When people sit down to figure out how much they need to save for retirement, many times they don’t take healthcare expenses into account. That could be because they believe government programs will step in and cover all of their expenses or just that the idea hasn’t crossed their minds, says Adam Stavisky, senior vice president, Fidelity Benefits Consulting.
Fidelity takes a look at retirement healthcare expenses each year to determine how much the average 65-year-old couple will spend on healthcare expenses in retirement. The 2017 estimate of $275,000 is a 6% increase over last year’s estimate of $260,000.
That increase reflects general market trends and a variety of expenses individuals might face in retirement, including Medicare premiums, Medicare copayments and deductibles and prescription drug expenses. The $275,000 figure doesn’t include nursing home or long-term care expenses.
“With ongoing uncertainty across the healthcare landscape, it’s more important than ever for individuals to educate themselves on steps they can take to prepare for their healthcare needs in retirement,” Stavisky says. “These expenses are only expected to increase in the future, so it’s critical that people include healthcare as a significant part of their retirement plan.” Stavisky points out that most people probably assume Medicare pays for everything in retirement, but “by design it doesn’t cover everything.”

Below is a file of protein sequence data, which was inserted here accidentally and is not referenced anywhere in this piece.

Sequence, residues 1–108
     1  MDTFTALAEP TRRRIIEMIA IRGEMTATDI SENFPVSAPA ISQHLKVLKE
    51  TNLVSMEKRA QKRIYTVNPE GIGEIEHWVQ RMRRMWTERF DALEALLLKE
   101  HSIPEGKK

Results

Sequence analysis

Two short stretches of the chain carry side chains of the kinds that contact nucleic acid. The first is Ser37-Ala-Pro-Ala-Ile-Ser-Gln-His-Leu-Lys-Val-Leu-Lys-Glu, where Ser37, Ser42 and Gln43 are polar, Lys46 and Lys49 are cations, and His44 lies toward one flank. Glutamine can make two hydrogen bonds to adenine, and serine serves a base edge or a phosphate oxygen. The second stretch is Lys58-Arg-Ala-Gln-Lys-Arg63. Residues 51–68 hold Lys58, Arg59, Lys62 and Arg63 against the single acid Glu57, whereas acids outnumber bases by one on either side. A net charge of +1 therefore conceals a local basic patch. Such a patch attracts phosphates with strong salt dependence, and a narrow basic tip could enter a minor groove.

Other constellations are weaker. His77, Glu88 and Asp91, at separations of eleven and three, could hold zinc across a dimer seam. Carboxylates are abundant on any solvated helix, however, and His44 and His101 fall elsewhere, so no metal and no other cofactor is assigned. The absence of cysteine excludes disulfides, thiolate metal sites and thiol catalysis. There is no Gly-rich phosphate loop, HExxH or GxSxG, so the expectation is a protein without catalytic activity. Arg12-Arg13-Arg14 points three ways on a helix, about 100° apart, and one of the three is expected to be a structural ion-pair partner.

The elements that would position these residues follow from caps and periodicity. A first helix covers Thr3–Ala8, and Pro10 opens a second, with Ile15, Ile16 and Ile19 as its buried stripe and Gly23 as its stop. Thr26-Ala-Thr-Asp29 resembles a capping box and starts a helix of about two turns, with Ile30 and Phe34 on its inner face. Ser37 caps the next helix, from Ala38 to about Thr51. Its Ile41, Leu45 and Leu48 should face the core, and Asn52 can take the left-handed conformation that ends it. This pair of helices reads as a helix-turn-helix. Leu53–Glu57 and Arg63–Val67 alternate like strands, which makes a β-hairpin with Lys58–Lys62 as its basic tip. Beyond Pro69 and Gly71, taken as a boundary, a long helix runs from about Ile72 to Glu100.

About 35% of that $275,000 accounts for most individuals having to pay for Medicare Parts B and D. Part D is a supplement to Part B. Employers can help by taking a more active role in helping employees manage their health and wellbeing during their pre-retiree years and providing benefits that can contribute to improved health and potentially lower healthcare costs in retirement.
Many companies have moved to high-deductible health plans that are paired with health savings accounts. HSAs help employees save money for their current healthcare expenses pre-tax, but if they don’t spend that money, they don’t lose it. It gets invested and can be used for future healthcare expenses as well. HSAs are like having an additional tax-advantaged retirement savings account, only the money comes out tax-free as well as long as it is used for medical expenses.
Read more at https://www.benefitnews.com/news/how-to-put-retirement-healthcare-costs-on-employees-radar